Traces of ancient life found inside a ruby



 Traces of life have been found in a ruby ​​dating back more than 2.5 billion years by geologists at the University of Waterloo, the university website told us on October 22. The gemstone contains graphite made up of the remains of ancient microorganisms, the researchers found.


In the southwest of Greenland is one of the oldest ruby ​​deposits in the world. Chris Yakymchuk and his team are trying to determine the age and origin of local rubies, found in the lands stretching east of Maniitsoq, Greenland's sixth city. The rubies analyzed by geologists appear in a thin layer of shale wedged between plates of rock. Analysis of the chemical composition of the shale has enabled researchers to determine the age of the rubies, more than 2.5 billion years old.


One of the site's rubies particularly caught the attention of Chris Yakymchuk and his team: it included graphite, a crumbly mineral made of pure carbon similar to that of pencils. “The graphite present in this ruby ​​is truly unique. This is the first time that we have seen evidence of ancient life in rocks containing ruby, ”marvels Yakymchuk in an interview with Waterloo News. Indeed, analysis of the graphite revealed that the carbon atoms present in the mineral were organic molecules of ancient microorganisms, ie traces of life.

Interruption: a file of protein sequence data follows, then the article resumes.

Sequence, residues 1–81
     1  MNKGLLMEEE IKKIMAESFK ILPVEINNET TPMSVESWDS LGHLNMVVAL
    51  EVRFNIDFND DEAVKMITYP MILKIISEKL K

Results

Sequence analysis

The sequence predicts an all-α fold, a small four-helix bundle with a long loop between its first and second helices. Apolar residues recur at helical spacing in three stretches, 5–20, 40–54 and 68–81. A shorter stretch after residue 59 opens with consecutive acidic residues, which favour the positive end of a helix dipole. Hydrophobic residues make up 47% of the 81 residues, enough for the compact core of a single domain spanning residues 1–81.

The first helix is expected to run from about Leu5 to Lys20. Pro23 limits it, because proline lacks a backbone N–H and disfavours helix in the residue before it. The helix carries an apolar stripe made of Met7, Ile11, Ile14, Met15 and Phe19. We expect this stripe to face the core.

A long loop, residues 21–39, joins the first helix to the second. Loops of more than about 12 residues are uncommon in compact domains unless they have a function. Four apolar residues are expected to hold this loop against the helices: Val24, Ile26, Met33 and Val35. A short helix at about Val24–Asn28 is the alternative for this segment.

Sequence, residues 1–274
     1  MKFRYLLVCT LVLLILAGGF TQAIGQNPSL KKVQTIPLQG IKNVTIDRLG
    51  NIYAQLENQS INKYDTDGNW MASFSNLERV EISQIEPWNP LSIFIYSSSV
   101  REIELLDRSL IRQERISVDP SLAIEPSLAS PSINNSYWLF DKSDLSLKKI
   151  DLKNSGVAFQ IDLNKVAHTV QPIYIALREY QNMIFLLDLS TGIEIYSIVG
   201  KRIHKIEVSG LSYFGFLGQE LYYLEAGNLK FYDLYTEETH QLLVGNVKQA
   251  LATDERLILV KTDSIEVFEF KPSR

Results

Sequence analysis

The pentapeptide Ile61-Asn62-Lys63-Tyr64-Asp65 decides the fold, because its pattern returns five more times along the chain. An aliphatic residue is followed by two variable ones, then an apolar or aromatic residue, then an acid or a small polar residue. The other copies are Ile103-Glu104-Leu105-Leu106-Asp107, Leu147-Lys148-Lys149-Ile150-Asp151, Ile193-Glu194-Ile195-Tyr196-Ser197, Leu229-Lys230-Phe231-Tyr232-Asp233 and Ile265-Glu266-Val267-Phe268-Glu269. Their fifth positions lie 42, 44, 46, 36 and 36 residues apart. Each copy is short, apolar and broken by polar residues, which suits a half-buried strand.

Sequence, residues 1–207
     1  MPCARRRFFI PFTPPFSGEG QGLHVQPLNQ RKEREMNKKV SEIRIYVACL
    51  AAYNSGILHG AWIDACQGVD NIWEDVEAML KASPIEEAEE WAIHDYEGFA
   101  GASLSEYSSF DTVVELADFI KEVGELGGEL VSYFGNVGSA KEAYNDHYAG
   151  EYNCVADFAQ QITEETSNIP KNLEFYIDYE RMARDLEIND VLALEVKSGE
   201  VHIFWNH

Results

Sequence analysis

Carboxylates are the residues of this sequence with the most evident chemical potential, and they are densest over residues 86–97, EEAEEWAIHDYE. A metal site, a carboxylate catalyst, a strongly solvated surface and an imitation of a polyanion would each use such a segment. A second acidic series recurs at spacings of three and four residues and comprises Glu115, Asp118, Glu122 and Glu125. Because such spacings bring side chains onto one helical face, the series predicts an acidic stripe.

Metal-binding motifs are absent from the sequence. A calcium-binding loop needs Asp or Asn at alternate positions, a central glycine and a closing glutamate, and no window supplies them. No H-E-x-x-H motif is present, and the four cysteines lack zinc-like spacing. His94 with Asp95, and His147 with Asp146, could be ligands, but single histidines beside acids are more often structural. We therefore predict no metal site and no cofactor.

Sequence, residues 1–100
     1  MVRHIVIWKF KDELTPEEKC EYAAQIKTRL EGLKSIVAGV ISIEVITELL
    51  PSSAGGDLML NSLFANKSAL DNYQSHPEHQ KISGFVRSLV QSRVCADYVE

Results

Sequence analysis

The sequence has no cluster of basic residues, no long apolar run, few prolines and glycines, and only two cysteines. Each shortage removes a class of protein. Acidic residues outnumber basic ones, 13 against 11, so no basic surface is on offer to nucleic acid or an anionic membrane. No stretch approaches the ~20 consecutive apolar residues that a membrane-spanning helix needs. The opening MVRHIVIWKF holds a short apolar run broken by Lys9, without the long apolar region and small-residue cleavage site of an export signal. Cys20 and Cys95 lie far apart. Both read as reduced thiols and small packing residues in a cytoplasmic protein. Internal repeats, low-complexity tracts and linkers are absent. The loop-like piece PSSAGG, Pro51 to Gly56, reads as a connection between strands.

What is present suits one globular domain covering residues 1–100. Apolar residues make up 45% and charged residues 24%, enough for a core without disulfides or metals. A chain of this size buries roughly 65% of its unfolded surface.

This discovery has allowed geologists to learn more about the origin and age of Greenlandic rubies. The origin of the traces of life present in the gemstone remains a mystery for the moment.

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